In this tenth video of ‘A year in the vineyards’, the last in the series, we look at traditional treading at Quinta do Vesuvio, where the grapes are foot trodden in granite lagares.
The vintage · Traditional treading
The time-honoured traditional foot treading in large, shallow tanks made of granite called lagares, survives in just a handful of properties in the Douro Valley, among them the Symington family’s Quinta do Vesúvio. Inside the winery built in 1827, teams of 50 people, known as rogas, tread each lagar. The first stage is called the corte during which two to three rows of men and women, arms interlocked, march up and down the lagar with military precision, their discipline ensured by the head of the roga who resembles a drill sergeant as he bellows, ‘left-right, left-right, left right’. After about two hours, once the grapes have been thoroughly trodden, the treading team break up the rows and tread at random to their own rhythm, often dancing and joking to the sound of the local village band. This stage of treading is termed liberdade or liberty – for obvious reasons.
In this ninth video of our series ‘A year in the vineyards’ we look at the winemaking at Quinta dos Malvedos, whose winery is fitted with three modern lagares.
The vintage · Winemaking
Once grape harvesting gets under way it is a non-stop marathon of round-the-clock activity in the vineyards and in the winery. At the Malvedos winery as in all our other specialist wineries, the grapes are still trodden; today in modern stainless steel lagares, which are simply an evolution of the time-honoured traditional foot treading in large, shallow basins made of granite, called lagares. The modern variants of these at Malvedos were installed in time for the 2000 vintage and they have worked extremely well ever since, making consistently outstanding wines. The lessons learnt here were then used in our other wineries up and down the valley where modern lagares have also been installed, namely at Quinta do Bomfim, Quinta da Cavadinha and Quinta da Senhora da Ribeira.
In this eighth video of our series ‘A year in the vineyards’ we look at the start of the vintage at Quinta dos Malvedos, the culmination of a year’s work in the vineyards.
All grapes have to be picked by hand in the Douro as the mountainous topography with its very steep gradients renders mechanisation impossible. Teams of pickers, known as rogas, gather at the Quintas, some travelling from other areas of Portugal to supplement their incomes. In some vineyards, the same rogas return year after year, sometimes over several decades, through a sense of belonging and pride towards ‘their’ Quinta.
The grapes are gathered into small, shallow tray-like boxes and swiftly transported to the wineries on small tractor-drawn trailers. In the wineries the grapes are sorted, de-stemmed, gently crushed and conveyed to the lagares — traditional or modern — in readiness for treading and fermentation.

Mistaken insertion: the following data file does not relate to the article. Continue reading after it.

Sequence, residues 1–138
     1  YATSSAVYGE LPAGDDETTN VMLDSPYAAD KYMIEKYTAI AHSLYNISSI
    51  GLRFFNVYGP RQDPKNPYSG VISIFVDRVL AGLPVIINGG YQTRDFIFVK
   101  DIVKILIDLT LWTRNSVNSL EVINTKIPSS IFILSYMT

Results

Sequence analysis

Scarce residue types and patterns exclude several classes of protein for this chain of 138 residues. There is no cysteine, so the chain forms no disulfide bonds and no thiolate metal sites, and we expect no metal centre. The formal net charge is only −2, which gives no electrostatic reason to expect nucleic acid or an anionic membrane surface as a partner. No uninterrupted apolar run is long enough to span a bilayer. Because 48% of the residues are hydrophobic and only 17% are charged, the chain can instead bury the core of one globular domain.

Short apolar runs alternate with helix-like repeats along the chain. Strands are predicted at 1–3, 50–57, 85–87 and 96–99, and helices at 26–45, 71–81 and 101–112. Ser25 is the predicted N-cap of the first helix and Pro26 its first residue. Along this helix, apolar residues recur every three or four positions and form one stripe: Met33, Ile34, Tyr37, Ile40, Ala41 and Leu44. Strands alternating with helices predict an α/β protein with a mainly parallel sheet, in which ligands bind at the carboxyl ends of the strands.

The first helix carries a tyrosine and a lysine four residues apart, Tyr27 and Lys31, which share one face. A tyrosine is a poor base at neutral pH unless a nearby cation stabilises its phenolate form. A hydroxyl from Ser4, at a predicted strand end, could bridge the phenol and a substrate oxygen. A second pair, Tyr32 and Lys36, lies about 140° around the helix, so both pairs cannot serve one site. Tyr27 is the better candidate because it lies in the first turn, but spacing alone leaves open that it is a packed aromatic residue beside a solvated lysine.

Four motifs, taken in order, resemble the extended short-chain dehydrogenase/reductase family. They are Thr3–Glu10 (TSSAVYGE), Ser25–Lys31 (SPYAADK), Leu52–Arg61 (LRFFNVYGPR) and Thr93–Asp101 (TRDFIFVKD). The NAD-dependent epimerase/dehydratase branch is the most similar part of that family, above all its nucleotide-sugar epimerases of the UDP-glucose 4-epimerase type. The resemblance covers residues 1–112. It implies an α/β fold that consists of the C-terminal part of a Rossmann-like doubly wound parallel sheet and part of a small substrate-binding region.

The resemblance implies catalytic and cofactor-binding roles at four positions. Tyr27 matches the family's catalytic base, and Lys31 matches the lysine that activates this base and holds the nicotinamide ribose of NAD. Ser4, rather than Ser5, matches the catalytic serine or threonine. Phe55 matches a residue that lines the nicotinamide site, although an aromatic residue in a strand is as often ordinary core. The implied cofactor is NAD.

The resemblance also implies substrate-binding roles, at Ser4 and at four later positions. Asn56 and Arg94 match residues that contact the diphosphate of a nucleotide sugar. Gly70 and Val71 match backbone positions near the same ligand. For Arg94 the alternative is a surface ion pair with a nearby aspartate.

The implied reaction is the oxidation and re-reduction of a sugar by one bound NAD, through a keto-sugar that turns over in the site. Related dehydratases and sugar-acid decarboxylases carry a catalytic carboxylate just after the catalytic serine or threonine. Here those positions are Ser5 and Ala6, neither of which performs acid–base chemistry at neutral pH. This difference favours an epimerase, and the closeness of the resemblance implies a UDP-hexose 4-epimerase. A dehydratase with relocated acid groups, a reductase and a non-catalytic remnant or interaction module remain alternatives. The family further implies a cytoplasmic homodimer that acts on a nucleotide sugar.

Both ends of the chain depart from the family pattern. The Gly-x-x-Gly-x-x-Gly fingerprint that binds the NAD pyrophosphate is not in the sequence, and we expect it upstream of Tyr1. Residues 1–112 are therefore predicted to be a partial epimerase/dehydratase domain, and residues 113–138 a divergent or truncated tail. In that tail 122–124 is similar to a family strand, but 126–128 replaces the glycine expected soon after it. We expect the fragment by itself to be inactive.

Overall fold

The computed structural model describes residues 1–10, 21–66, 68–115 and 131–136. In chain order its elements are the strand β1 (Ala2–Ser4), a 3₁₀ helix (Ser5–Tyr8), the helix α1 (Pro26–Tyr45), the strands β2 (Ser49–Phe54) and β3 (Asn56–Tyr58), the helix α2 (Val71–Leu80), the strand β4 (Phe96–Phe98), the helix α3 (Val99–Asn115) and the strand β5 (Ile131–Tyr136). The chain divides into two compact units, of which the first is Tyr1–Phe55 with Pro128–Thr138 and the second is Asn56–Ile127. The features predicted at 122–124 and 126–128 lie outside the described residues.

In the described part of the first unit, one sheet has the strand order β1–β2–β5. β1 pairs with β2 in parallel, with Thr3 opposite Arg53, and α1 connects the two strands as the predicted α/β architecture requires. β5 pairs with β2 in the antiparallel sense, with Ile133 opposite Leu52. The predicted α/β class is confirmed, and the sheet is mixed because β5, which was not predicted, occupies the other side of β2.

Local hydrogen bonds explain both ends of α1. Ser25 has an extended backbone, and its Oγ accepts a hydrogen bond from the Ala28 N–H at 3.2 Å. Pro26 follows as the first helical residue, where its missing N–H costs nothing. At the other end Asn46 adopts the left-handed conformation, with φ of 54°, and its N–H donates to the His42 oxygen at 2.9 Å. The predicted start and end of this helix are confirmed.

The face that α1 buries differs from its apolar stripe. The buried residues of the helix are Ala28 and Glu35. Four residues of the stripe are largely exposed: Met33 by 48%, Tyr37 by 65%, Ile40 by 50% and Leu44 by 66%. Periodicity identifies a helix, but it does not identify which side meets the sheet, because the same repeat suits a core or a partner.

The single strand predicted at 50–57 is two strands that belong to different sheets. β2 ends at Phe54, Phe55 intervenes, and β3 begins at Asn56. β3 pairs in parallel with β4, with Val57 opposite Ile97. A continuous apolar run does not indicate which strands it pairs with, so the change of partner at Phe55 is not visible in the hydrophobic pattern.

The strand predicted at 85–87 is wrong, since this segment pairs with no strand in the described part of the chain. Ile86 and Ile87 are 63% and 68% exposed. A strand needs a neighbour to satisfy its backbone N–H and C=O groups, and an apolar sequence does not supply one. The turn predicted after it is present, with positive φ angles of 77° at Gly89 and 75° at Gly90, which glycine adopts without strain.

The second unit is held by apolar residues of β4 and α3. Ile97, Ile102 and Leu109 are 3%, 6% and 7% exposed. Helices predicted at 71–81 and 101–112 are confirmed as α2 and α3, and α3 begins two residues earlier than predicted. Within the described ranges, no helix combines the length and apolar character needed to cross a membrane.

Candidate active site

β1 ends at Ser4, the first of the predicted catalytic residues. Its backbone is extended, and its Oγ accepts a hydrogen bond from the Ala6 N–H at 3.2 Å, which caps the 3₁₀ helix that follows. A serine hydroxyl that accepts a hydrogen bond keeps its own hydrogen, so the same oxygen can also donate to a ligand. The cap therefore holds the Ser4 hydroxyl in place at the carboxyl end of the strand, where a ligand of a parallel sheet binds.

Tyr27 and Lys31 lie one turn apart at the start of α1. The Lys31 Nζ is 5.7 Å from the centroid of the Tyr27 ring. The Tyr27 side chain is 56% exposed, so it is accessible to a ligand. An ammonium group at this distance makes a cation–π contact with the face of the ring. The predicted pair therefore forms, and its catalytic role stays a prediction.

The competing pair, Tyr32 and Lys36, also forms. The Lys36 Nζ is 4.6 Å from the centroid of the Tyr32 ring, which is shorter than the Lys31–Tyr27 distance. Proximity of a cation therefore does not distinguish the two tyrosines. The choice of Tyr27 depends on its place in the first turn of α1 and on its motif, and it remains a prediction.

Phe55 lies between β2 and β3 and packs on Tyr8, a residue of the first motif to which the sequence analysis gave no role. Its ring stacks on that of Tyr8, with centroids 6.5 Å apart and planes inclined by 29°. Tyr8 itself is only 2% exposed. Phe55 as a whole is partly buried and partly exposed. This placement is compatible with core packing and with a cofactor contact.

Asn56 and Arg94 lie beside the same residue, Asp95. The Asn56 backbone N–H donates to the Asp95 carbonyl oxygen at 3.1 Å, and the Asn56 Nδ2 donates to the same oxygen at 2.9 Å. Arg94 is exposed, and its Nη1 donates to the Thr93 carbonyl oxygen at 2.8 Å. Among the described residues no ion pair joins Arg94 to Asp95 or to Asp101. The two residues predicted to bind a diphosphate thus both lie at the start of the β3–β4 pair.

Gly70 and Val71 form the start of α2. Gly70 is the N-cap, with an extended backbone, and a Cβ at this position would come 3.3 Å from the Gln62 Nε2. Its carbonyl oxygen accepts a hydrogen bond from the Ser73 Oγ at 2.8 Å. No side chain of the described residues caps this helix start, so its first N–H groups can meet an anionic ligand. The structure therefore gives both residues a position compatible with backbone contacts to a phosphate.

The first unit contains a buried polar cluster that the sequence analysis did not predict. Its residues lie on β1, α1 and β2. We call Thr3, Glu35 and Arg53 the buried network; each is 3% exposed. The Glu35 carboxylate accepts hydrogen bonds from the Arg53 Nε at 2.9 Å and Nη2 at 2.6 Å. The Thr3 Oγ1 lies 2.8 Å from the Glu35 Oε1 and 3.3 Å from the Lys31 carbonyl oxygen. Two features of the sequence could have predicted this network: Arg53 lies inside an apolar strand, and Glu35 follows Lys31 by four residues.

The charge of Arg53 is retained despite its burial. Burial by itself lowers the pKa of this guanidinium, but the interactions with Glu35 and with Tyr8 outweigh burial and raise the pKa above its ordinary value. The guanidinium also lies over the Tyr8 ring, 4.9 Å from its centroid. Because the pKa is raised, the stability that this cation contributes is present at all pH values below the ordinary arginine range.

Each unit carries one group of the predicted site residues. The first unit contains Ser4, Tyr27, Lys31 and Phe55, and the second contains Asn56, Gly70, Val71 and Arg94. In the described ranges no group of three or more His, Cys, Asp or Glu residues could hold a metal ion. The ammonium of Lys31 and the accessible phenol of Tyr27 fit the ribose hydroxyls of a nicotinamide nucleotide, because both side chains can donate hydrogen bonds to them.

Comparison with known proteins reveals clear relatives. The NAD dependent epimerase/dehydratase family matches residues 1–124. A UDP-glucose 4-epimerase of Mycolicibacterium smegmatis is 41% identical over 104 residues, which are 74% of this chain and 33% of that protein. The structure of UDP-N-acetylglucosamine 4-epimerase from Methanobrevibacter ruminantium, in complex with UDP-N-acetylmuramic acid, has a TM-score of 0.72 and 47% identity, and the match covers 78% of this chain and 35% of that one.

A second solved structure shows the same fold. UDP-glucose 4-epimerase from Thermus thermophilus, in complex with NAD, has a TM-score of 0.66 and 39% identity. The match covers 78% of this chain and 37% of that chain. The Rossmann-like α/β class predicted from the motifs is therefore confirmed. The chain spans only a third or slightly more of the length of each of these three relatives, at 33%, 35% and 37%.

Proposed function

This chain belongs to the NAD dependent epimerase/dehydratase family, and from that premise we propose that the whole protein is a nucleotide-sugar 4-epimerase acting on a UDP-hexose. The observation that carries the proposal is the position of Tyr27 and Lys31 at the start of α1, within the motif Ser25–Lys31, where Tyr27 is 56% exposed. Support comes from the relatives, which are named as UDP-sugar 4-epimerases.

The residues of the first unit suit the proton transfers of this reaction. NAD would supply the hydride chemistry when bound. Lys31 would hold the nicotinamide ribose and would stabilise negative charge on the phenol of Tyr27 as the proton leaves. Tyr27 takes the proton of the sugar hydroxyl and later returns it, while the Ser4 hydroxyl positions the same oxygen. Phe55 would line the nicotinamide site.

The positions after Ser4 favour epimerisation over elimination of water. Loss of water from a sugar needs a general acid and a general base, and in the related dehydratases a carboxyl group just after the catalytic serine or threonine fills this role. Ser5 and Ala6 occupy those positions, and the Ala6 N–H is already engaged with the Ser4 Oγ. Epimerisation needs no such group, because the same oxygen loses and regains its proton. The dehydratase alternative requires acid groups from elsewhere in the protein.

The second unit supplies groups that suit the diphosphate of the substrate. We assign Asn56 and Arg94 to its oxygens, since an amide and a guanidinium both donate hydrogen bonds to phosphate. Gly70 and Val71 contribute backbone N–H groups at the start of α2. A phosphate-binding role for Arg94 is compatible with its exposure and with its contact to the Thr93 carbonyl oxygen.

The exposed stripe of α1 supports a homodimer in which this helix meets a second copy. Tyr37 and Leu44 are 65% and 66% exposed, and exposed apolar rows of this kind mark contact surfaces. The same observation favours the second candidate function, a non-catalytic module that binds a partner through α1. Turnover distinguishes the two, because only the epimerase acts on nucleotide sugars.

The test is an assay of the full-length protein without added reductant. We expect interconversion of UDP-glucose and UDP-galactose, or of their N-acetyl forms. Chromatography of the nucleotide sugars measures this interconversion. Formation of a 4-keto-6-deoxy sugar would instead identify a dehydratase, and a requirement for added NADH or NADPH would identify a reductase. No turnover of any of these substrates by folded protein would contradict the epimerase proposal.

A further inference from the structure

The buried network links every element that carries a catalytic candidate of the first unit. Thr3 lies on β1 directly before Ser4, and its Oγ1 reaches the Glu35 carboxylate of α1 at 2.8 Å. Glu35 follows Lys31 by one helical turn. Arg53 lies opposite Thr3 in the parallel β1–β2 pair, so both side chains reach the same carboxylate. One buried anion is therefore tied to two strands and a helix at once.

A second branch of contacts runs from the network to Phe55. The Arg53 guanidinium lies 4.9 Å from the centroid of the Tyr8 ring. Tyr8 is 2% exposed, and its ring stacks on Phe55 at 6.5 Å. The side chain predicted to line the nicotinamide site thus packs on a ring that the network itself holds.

It was with great pleasure that we saw Graham’s Ne Oublie awarded across four categories at the Clube de Criativos de Portugal 17th annual award ceremony in May. The Clube de Criativos is a non-profit organisation that aims to recognise, promote and award the best of commercial creativity in Portugal.
A truly rare, very old tawny Port, Ne Oublie (which means never forget, and is the motto of the Graham family) was released in 2014. Dating to 1882, the wine was purchased by Andrew James Symington in the 1920s to commemorate his arrival in Portugal, and has been passed down through generations of the Symington family. Find out more here.
Bottled in crystal decanters, made by Atlantis in Portugal, wrapped by silver bands made by the Scottish silversmiths Hayward and Scott, and presented in a handcrafted leather box by Smythson of London, Ne Oublie is beautiful to behold.
The launch of the wine was accompanied by the creation of an online platform dedicated to the Port and a film, directed by Artur Serra Araújo, which captured the essence of the Douro and Ne Oublie. The film can be seen here. It was awarded gold for both “Best Brand Entertainment Film” and “Best Direction”. The project was also distinguished in the “Digital and Interactive” and “Overall Project” categories.
It has long been a tradition for special occasions to be marked by the laying down of Vintage Port from the year of the event. Problematically, due to the fact that a “Vintage year” is normally only declared in the second year after the harvest, the
recipient of the gift often has to remain empty handed until sometime after the celebration.
In order to overcome this problem, Graham’s are now the first Port company to provide a Vintage Port bond which is available for purchase in the year of harvest. Allowing the purchase of Vintage Port while the wine is still on the vine guarantees that a certain quantity of the wine produced will be reserved for the holder of the bond.
The bond, which will be available from several UK wine merchants, including Berry Bros. & Rudd, Jeroboams, Selfridges, Tanners and Vintage Wine & Port, can be redeemed after 18 months, when the wine has been bottled and shipped. In the meantime, the buyer will be provided with a high quality presentation bond certificate with personalised calligraphy that can be presented to the recipient on the occasion being celebrated.
Graham’s Vintage Port Bonds, limited in number due to the small amount of Vintage Port produced, are a very special and personal way to celebrate an event. Due to Vintage Port’s longevity, the wine can then be enjoyed throughout a person’s life, the qualities of the wine maturing alongside those of the drinker.